This was it, it was now or never. He knew this day was coming, he'd have to fight 'Big Ryan', the guy everyone said couldn't be beat. They all walked out of his apartment, all serious faced, not knowing if the fight would spill over and some of 'Big Ryan's'…
September 20, 2022
Flash Fiction Ava

Emotional Unstable

IS THERE ANY PLACE THAT I CAN STUDY IN? “Breakfast time.” White toasts with a slice of cucumber, a slice of tomato, half spoon of orange marmalade and a vegan sausage. A boiled egg. Granola with yoghurt with granola with yoghurt with corn flakes. A glass of…

I was so desperate I took a job attending funerals. It’s not as goulash as it sounds. I would open and lock up the church after the funeral. In between, the minister would officiate and comfort the family, but he couldn’t be expected to arrive a couple of hours before the funeral and stay an hour or two after. I was usually there five hours. The pay was decent enough.

The saying is that dead men tell no tales, but they do; and those who attend their funerals tell even more. The departed and the attendees tell everything. His obituary will say he was a faithful husband, but why is his girlfriend sitting on the aisle across from the wife? If he was such a loving father why didn’t his oldest daughter show up, and why doesn’t someone mention her name? If he was such a good husband, why is his wife nearly dancing a jig? I think she killed him. She has the look of someone who has been relived of a burden.

Family and friends, they try to put the best face on the corpse, but I can see it – he, or she, lies right there for all to see; to examine if his illness or age wore away his strength and vitality like his weight. Gaunt faces; sunken eyes; drawn lips, even before they were sown together. Old wrinkled fingers that squeezed pennies or let opportunities slip away.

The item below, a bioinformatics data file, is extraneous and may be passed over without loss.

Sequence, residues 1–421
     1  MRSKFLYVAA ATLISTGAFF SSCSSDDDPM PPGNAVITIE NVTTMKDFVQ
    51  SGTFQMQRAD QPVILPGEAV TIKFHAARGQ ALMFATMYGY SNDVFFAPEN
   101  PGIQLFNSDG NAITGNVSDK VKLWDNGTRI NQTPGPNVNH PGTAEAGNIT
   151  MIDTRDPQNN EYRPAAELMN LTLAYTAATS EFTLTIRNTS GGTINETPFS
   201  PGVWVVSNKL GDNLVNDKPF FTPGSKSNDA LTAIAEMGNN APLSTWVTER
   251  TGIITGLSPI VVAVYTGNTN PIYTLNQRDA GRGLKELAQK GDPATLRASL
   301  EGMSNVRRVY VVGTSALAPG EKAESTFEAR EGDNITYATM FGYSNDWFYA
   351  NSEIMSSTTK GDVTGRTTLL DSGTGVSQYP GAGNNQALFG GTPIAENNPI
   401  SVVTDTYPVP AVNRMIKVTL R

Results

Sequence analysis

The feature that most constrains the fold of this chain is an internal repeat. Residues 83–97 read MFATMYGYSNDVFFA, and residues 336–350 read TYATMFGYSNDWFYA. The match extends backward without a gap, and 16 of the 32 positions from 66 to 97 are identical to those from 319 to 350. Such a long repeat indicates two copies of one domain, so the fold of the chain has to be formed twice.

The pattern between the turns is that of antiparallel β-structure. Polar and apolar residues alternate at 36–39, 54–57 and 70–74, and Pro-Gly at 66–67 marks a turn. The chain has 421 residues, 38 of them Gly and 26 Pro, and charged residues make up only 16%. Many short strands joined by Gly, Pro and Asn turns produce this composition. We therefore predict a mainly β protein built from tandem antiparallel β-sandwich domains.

People want to talk at funerals, especially to someone who doesn’t know. That way they can share it as news to a stranger instead of the gossip it would be to a family member or friend; and if you judge, so what? You’re just some guy waiting for the punch to give out so that the family will go home, never to be seen again. One person tells you the departed’s every accomplishment, but, sooner or later, someone else tells you his faults – maybe not directly, but they will tell. The particulars about the dead are like advertisements for houses, there is far more there than is revealed and the truth is concealed between the lines. She loved children because she had none, and that was because she couldn’t conceive; he riled against abortions because the one he forced a girlfriend to have so long ago still haunted him; he gave generously to good causes but cheated his partner and stole the business; she loved life, but committed suicide; he will be buried beside a wife he was forced to have instead of the man he loved. They will share a headstone the size of a small northern state: beloved wife; beloved husband, it says.

I’m afraid for my own funeral. Not because I’ll be dead, but because all my secrets will be revealed to the stranger sitting in the back of the room waiting to wash out the punch bowl. Who does he think he is?

THE END

Jamie C. Ruff is a former reporter, native of Greensboro, NC, and author of three e-books, the western “Colby Black: from Slave to Cowboy,” the contemporary tale of camaraderie and personal conflict “Reinventing the Uninvented Me,” and the coming of age story “The Peculiar Friendship.” All are available for download at Amazon.com.